Thursday, August 05, 2010

Appreciation: School for Love

Okay, I'll admit this one has almost everything that could catch me:
  • Declining British Empire
  • Survival  in Wartime
  • Jerusalem Before the Fall
  • A Boy Leaves Home
  • A Stranger Comes to Town
The item in question is Olivia Manning's  School for Love.  It's supposed to be a lesser work, by the author of the Balkan Trilogy and the Levant Trilogy.  I never read either of them (though I saw bits of the TV adaptation, with Emma Thompson and Kenneth Branagh), but it's hard to imagine how she could have achieved anything more carefully observed or more touchingly exact in its evocation of time and place.  Oh, and did I mention one of the best comic villains since Dickens--convincing enough that apparently she got sued by the woman who saw herself in it and took offense.

There's a good deal of plot here and I wouldn't want to spoil  it, but I can say that it's about Felix, of uncertain age, orphaned in Iraq and cast up in the care (so to speak) of a sort of aunt-in-law, in the Holy City where she waits not very patiently for the Messiah.    There are other characters and--okay, maybe there isn't a  lot of plot, although there are twist that I don't want to give away.  What Manning is best at here is a patient pointillism:
He leaned from the window and called to her: 'What have you got?'
She shaded her eyes to see him and answered: 'Rats.  I catch them in my bedroom,' she held up the cage so that he could see the dark-furred rats with their undulating bodies and their small, brilliant eyes.  They did not look vicious or unfriendly.
'What are you going to do with them?' he called, but she did not understand and merely waved her hand in reply and went off round the side of the house.  He tried to settle down to work, but for some reason he was worried by the memory of the rats turning about in the small cage, their muzzles twitching as much with interest as with suspicion.   Uneasy because he did not know wht was being done to them, he felt forced at last to go downstairs and ask Maria again.  Frau Leszno was in the sitting-room putting the  tea-things ready on the table.  She turned her back to him.  The door into the courtyard lay open and Felix went into it, oddly apprehensive.  The cage stood on the ground and the rats within it  were darting around in terror, their fur on fire.  maria stood watching them with the kerosene can still in her hand.  The smoke that arose filled the air with an acrid stench of burning fur.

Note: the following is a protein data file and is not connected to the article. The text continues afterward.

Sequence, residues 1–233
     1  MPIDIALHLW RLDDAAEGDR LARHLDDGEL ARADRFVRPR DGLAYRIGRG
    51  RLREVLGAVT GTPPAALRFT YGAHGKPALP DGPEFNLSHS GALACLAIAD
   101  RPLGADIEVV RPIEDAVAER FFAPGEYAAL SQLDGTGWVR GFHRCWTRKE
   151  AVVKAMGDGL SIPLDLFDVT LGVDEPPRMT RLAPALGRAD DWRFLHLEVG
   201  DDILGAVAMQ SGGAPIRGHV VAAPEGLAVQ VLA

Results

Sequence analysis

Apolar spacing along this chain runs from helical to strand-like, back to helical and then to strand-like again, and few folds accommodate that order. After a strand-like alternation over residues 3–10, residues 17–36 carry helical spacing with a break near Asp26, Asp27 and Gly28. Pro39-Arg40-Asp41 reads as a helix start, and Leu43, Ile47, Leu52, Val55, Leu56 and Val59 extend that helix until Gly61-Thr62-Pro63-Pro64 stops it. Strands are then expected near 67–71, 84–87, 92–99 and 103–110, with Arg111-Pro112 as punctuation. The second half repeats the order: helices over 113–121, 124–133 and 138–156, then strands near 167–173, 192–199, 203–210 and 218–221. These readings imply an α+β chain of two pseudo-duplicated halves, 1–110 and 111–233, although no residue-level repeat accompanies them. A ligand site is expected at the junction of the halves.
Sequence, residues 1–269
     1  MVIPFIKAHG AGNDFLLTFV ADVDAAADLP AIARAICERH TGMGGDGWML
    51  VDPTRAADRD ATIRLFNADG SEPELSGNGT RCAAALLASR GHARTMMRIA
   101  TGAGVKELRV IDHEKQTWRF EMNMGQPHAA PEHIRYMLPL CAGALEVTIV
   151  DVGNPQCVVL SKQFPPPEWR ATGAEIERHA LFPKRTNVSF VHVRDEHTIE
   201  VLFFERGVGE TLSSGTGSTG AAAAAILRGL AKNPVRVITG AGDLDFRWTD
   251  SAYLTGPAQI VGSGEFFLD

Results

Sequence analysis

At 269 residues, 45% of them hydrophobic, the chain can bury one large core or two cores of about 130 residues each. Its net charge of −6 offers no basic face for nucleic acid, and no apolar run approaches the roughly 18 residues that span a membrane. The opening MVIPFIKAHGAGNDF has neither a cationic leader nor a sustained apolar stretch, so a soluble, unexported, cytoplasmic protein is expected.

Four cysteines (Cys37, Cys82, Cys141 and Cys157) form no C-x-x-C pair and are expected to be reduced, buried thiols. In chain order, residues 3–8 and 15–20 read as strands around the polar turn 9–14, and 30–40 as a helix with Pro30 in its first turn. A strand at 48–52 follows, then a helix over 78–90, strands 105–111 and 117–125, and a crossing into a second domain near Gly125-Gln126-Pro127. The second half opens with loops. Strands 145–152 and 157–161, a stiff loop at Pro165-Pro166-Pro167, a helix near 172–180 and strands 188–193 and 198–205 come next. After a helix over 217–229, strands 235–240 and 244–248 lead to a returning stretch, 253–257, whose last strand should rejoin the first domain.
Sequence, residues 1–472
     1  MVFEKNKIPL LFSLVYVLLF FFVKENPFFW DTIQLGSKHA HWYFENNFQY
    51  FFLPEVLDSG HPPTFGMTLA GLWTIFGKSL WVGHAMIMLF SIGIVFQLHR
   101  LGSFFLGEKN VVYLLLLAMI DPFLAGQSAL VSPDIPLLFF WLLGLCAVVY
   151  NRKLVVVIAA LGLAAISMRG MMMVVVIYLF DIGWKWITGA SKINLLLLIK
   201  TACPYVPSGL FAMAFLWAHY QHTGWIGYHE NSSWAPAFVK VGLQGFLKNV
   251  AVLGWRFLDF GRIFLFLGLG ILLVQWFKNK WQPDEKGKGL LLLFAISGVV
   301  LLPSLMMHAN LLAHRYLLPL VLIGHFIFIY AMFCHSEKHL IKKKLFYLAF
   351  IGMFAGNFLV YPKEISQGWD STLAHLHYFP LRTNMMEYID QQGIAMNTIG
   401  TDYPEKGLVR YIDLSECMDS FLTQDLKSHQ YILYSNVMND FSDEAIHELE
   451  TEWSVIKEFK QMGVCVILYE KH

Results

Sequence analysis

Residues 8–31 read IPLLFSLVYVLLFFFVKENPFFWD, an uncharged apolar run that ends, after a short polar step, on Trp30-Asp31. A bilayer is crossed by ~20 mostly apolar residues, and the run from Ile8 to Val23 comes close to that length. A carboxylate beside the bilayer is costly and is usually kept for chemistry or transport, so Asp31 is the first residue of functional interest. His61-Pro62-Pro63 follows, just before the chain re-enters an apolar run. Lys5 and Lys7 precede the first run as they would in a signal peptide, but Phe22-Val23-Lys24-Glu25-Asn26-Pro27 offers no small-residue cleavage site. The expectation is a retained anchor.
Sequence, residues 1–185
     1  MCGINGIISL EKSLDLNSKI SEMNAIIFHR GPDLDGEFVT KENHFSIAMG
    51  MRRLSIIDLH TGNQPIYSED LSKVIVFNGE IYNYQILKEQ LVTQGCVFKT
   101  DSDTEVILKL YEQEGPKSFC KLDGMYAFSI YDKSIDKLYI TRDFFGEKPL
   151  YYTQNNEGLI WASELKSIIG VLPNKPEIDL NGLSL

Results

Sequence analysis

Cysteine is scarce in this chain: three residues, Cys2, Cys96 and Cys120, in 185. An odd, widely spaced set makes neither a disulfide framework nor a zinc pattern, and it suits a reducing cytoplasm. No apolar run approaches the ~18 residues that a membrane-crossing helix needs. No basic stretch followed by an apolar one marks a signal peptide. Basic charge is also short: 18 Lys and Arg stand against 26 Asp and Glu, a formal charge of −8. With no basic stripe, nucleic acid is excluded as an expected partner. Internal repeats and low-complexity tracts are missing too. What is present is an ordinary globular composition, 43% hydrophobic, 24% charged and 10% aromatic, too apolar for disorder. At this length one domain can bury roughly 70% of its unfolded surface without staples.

Felix shouted at Maria: 'What are you doing?  How could you do it?  Stop it.  Stop it at once.'
She lifted a bewildered and simple face: 'Good to kill them,' she said.

--Olivia Manning, School for Love 78 (NYRB Paperback 2009)

One thing oddly absent from a discussion of Palestine/Israel between wars: any extensive discussion (or comprehension) of Jews.  There are a few Jewish characters.  Or maybe not: this is a country of improvised identities.  In any event, Manning doesn't seem very interested in them, or their situation.  All the more impressive, then, that she could make such a compelling story about this ludicrously mismatched cohort of strivers, all trying to hold their lives together in uncertain times.

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